|Back to May Ed Reporter|
|NUMBER 268||THE NEWSPAPER OF EDUCATION RIGHTS||MAY 2008|
|Preschools Expel Students for Anti-Social Behaviors|
Schools expel preschoolers for anti-social behaviors such as biting, kicking, and tantrums. Anecdotally, many teachers reported that these behaviors are on the rise. This study did not compare preschoolers' behaviors or expulsions now to what they were in the past.
Boys were four times more likely to be expelled than girls. Expulsions were more common in private schools than in public ones, and also varied by state. Kentucky preschools expelled zero students per 1,000. New Mexico had the highest rate, with 21 expulsions per 1,000 preschoolers.
Study author Walter Gilliam said that there is no consensus on why so many preschoolers are expelled. "A lot of people blame parents. A lot of people blame the schools or an education system that pushed programs to preschool that are not developmentally appropriate. Now the stakes are higher in preschool."
The National Institute for Early Education Research (NIEER) has reviewed numerous studies of bad behavior among preschoolers. Their review blames poverty, poor prenatal care, including mothers' drug use, and "negative parenting practices, such as harsh discipline and maternal insensitivity."
NIEER co-director Ellen Frede added that she thinks teachers' classroom management also plays an important role. "The teacher needs support not always a mental health consultant but good old-fashioned behavior management."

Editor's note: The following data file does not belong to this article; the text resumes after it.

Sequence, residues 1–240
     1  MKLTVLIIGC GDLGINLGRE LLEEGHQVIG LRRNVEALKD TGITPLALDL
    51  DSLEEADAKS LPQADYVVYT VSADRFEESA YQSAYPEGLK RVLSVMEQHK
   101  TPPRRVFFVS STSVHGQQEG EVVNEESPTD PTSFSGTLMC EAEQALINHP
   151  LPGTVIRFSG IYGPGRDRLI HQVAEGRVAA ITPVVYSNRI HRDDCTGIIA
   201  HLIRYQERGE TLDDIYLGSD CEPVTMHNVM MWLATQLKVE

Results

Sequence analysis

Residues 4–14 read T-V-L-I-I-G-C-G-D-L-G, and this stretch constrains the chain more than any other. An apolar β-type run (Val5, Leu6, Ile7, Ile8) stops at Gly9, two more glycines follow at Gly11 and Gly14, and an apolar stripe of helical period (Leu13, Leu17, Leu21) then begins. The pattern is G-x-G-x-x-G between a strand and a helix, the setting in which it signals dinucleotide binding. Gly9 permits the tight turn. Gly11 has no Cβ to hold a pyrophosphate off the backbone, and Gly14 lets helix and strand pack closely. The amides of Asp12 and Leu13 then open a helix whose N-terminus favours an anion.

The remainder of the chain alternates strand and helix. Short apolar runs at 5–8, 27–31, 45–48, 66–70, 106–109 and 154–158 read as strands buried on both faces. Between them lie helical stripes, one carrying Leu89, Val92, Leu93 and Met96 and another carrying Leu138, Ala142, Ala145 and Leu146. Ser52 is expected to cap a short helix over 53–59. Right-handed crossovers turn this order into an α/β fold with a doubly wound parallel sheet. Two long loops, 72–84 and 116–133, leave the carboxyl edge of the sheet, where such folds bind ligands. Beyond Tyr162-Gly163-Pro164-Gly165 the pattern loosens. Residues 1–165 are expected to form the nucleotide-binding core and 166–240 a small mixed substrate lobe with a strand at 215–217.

Researcher and developmental psychologist Karen Hill Scott weighed in with her own diagnosis of the cause of these behavior problems. "There is an inadequate emphasis on self-regulation and self-control," she told ABC News. Parents also confuse "indulgence with love," according to Scott.
Some focused their criticism on the expulsion rate itself rather than the behaviors, claiming that it is counter-productive to punish children. "The fact is, three, four, five, six, even seven, and older age children simply are not ready to make choices in regards to how their behavior affects others," said child development specialist Aviva Pflock. "Rather than getting in trouble for the poor behavior, they need to be taught about appropriate ways to behave."
Although Pflock's attitude is common among child development professors and many preschool teachers, it fails to explain why or how the majority of children as young as three are ready to make good choices, by rejecting antisocial behaviors almost all of the time. These are often the children on the receiving end of more troubled preschoolers' hitting and biting episodes; and it is often to protect them that preschools ask aggressive children to leave. (ABC News, 1-24-08)